TRIPOLI, Libya -- Libyan lawmakers selected Ali Zidan as prime minister Sunday night, giving the former human rights lawyer and diplomat responsibility for forming the volatile nation’s first government since the revolution that toppled Moammar Kadafi.
The selection of Zidan came a week after the parliament fired the previous prime minister, Mustafa Abushagur, whose cabinet nominees were met with protests and illustrated Libya’s regional and tribal divisions.
Zidan is expected to move quickly to name a cabinet to deal with Libya’s many pressing challenges, including the investigation of the Sept. 11 attack on the U.S. diplomatic outpost in the eastern city of Benghazi, which killed U.S. Ambassador J. Christopher Stevens and three other Americans.
The attack highlighted the security troubles plaguing Libya, where former revolutionary militias are serving as the de facto army and police until national security forces can be rebuilt following Kadafi’s four-decade rule.
Zidan won 93 of the 179 votes cast in the national assembly. That secured him a narrow win over the Muslim Brotherhood-supported candidate, Mohammed Harari, the minister for local government.
Lawmakers said that Zidan, who won a parliamentary seat as an independent but resigned to pursue the prime minister’s post, would be able to win the support of conservatives.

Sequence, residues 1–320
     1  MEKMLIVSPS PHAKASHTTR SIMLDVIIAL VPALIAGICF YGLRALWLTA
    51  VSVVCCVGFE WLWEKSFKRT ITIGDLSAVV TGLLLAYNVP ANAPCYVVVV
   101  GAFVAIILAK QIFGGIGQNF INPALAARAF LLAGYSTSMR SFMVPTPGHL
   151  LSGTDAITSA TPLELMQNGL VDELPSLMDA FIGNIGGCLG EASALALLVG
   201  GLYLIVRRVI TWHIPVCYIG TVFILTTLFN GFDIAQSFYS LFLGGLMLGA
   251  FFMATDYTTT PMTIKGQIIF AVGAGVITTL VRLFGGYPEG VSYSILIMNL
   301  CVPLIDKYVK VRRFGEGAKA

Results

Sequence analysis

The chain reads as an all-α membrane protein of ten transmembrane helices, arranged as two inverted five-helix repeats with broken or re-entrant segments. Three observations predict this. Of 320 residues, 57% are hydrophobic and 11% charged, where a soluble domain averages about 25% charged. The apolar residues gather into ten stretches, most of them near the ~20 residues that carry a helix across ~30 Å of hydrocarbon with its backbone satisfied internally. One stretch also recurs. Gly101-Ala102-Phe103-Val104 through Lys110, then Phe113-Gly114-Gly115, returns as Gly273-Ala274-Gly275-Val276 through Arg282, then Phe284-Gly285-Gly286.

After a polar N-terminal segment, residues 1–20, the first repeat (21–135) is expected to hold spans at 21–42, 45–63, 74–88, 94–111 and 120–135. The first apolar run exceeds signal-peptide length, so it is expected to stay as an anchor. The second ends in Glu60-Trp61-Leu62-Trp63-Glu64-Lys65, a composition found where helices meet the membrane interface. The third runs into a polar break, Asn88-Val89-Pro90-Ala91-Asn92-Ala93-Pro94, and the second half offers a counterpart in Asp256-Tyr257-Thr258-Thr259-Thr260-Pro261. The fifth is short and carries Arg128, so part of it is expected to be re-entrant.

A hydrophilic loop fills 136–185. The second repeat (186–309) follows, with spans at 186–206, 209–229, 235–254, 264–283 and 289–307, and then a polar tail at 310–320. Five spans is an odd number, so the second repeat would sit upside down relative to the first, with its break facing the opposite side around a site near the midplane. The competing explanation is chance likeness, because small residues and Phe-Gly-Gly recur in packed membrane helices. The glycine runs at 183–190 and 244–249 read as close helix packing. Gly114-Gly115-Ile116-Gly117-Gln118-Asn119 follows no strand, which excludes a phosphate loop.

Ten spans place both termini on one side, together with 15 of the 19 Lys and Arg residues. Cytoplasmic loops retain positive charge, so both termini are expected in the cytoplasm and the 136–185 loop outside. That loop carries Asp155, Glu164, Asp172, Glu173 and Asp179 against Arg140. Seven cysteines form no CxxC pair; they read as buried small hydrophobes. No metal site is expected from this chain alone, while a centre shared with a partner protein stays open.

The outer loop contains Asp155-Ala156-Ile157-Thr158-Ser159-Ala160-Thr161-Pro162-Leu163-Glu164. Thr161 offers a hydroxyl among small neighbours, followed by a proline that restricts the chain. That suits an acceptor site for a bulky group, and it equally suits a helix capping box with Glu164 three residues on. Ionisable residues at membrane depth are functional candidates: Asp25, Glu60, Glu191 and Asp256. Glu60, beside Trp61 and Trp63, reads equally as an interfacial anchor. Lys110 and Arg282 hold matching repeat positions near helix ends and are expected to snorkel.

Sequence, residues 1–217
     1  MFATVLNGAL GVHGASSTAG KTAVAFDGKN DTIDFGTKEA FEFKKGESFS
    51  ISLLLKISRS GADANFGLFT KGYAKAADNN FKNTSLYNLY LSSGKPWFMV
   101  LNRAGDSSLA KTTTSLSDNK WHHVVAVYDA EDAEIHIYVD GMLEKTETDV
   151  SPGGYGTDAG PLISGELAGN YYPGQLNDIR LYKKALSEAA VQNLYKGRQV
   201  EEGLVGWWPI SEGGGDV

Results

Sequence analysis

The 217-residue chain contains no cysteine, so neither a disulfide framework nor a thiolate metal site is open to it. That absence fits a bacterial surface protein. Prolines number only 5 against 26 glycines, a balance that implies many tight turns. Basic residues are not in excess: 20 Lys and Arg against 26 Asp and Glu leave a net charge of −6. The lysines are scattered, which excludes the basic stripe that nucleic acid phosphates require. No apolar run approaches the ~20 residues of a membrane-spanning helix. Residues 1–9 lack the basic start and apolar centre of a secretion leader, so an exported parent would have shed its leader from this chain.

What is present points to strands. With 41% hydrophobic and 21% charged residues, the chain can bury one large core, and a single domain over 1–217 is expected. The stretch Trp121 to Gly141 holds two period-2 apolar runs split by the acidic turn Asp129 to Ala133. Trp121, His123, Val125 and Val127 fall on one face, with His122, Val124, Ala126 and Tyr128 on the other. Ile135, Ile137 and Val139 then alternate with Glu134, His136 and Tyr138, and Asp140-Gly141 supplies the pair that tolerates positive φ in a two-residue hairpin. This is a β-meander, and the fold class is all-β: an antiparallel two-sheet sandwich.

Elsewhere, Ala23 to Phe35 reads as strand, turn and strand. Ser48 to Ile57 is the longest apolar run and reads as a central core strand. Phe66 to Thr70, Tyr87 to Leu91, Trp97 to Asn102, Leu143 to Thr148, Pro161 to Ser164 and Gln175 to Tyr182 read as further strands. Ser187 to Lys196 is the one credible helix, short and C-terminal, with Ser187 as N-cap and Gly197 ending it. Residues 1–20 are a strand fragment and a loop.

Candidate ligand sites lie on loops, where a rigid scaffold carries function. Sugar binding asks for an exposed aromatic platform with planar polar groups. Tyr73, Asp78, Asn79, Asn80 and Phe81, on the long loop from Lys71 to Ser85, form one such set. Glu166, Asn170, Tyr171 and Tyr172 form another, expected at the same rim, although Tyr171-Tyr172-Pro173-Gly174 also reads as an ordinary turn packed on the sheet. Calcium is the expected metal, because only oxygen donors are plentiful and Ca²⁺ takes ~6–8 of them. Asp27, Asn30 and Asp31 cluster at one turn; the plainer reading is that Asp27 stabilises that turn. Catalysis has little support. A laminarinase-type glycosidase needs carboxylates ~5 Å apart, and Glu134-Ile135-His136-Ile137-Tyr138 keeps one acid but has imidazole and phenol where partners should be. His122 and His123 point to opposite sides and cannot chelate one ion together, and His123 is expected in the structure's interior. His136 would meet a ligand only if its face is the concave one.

“He’s a very good choice. He’s familiar with our problems and his cabinet choices will be good,” said Suliman Zubi, an independent lawmaker from Benghazi. “He can negotiate with anybody.”
Among the Libyan government’s other challenges is resolving a conflict in the western town of Bani Walid, a former Kadafi stronghold where a prominent rebel fighter was detained and reportedly tortured to death last month. A powerful militia from the western town of Misrata, home to the rebel fighter, has shelled the town south of Tripoli and human rights groups report that several people have been killed in the standoff.
Photo: Demonstrators from the city of Bani Walid hold placards and shout slogans during a protest in Tripoli last week against the siege of their city. The standoff in the city is one of a number of challenges facing newly selected Prime Minister Ali Zidan. Credit: Sabri Elmhedwi / EPA